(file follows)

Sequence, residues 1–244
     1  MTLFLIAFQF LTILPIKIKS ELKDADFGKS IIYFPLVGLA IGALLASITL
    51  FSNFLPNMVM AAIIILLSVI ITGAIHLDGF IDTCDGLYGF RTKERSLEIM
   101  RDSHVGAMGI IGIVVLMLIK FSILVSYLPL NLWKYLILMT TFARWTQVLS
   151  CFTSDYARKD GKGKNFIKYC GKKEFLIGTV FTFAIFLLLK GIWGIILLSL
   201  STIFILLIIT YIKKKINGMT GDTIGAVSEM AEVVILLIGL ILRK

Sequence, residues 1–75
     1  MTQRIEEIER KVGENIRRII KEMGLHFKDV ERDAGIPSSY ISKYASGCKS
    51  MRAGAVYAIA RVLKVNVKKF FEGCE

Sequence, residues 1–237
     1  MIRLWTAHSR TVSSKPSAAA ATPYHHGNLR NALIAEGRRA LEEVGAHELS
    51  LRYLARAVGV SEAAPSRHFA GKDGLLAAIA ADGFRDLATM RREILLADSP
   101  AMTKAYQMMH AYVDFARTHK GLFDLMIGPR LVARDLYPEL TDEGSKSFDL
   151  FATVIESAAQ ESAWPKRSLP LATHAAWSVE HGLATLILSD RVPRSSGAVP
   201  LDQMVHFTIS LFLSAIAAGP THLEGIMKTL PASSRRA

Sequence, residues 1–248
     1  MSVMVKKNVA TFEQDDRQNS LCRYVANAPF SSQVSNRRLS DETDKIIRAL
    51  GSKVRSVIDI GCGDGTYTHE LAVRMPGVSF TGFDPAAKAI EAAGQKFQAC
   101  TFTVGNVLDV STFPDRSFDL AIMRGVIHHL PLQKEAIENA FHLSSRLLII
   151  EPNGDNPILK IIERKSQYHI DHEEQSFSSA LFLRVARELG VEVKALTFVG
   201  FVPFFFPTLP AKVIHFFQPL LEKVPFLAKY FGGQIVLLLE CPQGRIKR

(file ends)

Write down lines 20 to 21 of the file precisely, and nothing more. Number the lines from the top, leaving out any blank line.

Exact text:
   151  EPNGDNPILK IIERKSQYHI DHEEQSFSSA LFLRVARELG VEVKALTFVG
   201  FVPFFFPTLP AKVIHFFQPL LEKVPFLAKY FGGQIVLLLE CPQGRIKR